The three men – and eleven others who previously pleaded guilty – boarded the Americans’ yacht armed with assault rifles and planned to sail it to Somalia and hold the Americans for ransom. Instead, the hostages were killed by the pirates as they were being trailed by U.S. military forces.
A federal jury, which has been hearing the case since early June in U.S. District Court in Norfolk, found Ahmed Muse Salad, Abukar Osman Beyle and Shani Nurani Shiekh Abrar guilty on all 26 counts against them, according to court records.
The jury will be hearing more evidence during the sentencing phase of the trial later this month.
Scott and Jean Adam, retirees from Marina del Rey, California, and their friends Phyllis Macay and Robert Riggle, both of Seattle, were killed aboard the California couple’s 58-foot sloop, Quest.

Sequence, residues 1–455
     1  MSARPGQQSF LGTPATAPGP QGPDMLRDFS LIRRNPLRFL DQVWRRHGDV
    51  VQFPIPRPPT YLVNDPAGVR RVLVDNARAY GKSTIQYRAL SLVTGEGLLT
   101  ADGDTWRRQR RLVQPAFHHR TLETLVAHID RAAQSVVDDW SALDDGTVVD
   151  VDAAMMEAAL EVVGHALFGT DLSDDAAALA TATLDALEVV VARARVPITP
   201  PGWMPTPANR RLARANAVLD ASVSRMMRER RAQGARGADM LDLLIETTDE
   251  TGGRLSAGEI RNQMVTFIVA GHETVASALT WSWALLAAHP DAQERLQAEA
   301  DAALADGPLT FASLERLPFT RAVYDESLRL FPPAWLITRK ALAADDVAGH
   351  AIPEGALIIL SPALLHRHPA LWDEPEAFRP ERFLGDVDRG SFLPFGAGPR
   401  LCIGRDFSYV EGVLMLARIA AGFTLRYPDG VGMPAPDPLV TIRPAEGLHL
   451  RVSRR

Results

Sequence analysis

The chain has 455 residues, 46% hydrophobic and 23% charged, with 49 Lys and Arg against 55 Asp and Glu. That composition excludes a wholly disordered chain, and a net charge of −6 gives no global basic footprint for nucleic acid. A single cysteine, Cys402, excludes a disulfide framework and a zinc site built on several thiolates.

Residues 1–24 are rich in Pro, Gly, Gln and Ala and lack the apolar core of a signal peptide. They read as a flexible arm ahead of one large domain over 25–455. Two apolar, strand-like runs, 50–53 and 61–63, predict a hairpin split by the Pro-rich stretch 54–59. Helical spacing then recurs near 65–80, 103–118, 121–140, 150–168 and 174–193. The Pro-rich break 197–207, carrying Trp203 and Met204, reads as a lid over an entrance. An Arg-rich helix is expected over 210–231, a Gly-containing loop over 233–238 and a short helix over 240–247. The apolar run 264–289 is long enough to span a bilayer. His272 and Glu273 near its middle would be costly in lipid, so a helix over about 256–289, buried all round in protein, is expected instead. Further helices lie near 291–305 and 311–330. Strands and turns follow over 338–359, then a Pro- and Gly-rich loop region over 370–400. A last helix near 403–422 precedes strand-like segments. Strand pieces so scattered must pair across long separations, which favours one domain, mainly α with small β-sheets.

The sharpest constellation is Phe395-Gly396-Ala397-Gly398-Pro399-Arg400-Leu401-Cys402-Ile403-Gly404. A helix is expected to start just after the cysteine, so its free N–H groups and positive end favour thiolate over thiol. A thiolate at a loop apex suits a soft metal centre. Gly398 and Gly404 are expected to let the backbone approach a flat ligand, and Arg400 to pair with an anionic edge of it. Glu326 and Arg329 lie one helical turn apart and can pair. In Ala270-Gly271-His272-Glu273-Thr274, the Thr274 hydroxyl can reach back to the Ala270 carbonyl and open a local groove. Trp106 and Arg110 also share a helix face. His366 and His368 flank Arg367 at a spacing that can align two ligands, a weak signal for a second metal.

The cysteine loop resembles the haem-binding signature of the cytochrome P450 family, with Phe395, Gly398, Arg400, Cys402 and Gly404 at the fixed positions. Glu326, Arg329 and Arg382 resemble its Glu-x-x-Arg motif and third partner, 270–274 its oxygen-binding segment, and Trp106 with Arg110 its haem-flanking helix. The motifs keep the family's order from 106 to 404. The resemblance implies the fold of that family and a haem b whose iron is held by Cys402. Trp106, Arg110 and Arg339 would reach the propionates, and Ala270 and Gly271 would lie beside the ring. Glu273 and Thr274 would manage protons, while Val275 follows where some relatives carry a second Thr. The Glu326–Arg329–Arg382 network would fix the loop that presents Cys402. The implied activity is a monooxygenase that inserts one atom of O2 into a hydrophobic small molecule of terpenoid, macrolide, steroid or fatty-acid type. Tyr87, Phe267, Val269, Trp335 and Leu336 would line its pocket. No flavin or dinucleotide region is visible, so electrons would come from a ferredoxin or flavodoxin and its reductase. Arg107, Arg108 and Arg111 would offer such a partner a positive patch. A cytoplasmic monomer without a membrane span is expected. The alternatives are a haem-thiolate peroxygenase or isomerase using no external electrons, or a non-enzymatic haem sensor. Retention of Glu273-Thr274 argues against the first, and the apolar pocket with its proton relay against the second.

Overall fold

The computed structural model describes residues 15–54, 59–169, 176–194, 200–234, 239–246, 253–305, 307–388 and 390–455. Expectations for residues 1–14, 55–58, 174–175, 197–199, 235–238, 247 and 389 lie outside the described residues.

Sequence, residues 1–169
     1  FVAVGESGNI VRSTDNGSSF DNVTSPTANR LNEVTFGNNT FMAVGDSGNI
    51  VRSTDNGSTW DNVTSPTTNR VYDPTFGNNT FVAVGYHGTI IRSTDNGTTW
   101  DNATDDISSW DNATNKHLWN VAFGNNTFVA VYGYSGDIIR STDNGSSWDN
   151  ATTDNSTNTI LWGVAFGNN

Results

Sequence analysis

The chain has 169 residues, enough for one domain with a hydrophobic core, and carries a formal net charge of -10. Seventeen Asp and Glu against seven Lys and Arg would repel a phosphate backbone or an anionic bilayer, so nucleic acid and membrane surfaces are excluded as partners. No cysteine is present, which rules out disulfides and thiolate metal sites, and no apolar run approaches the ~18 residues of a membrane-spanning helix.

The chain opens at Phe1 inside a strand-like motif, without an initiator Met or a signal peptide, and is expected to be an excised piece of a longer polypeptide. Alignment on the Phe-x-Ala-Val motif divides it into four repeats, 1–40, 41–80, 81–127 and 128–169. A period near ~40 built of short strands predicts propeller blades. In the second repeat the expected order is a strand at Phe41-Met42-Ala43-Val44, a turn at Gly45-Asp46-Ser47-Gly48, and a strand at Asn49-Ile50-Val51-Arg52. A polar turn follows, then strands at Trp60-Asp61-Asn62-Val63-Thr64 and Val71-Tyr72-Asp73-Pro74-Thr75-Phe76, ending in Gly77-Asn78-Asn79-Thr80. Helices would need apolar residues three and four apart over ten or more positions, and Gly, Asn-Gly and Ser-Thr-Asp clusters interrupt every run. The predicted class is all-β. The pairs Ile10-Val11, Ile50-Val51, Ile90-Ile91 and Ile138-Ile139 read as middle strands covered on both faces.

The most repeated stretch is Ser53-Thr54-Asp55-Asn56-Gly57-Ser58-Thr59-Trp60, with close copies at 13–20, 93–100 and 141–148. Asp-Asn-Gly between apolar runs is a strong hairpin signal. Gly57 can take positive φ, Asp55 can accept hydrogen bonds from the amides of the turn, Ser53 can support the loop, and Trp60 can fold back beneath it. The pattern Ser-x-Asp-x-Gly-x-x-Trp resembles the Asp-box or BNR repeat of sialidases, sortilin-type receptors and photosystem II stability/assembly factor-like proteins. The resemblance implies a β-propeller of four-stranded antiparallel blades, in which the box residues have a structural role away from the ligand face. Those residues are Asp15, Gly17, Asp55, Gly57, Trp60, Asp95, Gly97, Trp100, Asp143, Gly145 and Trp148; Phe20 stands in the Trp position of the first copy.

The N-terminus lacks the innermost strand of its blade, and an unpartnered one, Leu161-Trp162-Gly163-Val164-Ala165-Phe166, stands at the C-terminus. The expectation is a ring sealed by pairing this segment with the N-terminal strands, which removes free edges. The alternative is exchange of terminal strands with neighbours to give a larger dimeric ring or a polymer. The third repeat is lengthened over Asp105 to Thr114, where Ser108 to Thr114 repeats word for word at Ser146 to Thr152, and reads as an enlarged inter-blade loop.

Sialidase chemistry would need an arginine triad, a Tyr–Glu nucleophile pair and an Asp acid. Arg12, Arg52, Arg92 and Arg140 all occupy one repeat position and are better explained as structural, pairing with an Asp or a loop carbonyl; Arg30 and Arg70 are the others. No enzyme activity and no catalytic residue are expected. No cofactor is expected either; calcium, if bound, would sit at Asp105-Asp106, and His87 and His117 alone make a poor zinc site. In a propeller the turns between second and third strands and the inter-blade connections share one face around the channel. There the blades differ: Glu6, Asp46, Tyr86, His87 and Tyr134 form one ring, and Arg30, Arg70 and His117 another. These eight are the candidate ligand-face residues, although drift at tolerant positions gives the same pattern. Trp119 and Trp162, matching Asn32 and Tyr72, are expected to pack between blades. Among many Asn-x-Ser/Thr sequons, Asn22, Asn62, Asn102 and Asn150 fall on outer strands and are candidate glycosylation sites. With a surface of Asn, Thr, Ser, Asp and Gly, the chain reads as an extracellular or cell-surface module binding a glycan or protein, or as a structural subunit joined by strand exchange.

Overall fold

Prosecutors have said all four passengers were asleep when the boat was boarded on February 18, 2011, by the armed assailants.
Negotiations at sea by U.S. Navy officials to free the Americans failed after four days, according to the indictment. Navy SEALs subsequently raided the yacht, killing two of the hostage-takers and capturing the rest.
Some of the most emotional testimony during the trial came from Elizabeth Sem, daughter of yacht owner Scott Adam.
She was quoted in press accounts as saying her father, who had worked on the production crew of movies and TV shows including “The Dukes of Hazzard,” and “The Love Boat,” had attended a theological institute after he retired.
His sea voyages were part of his ministry, she said, adding that he handed out Bibles to people he met along the way.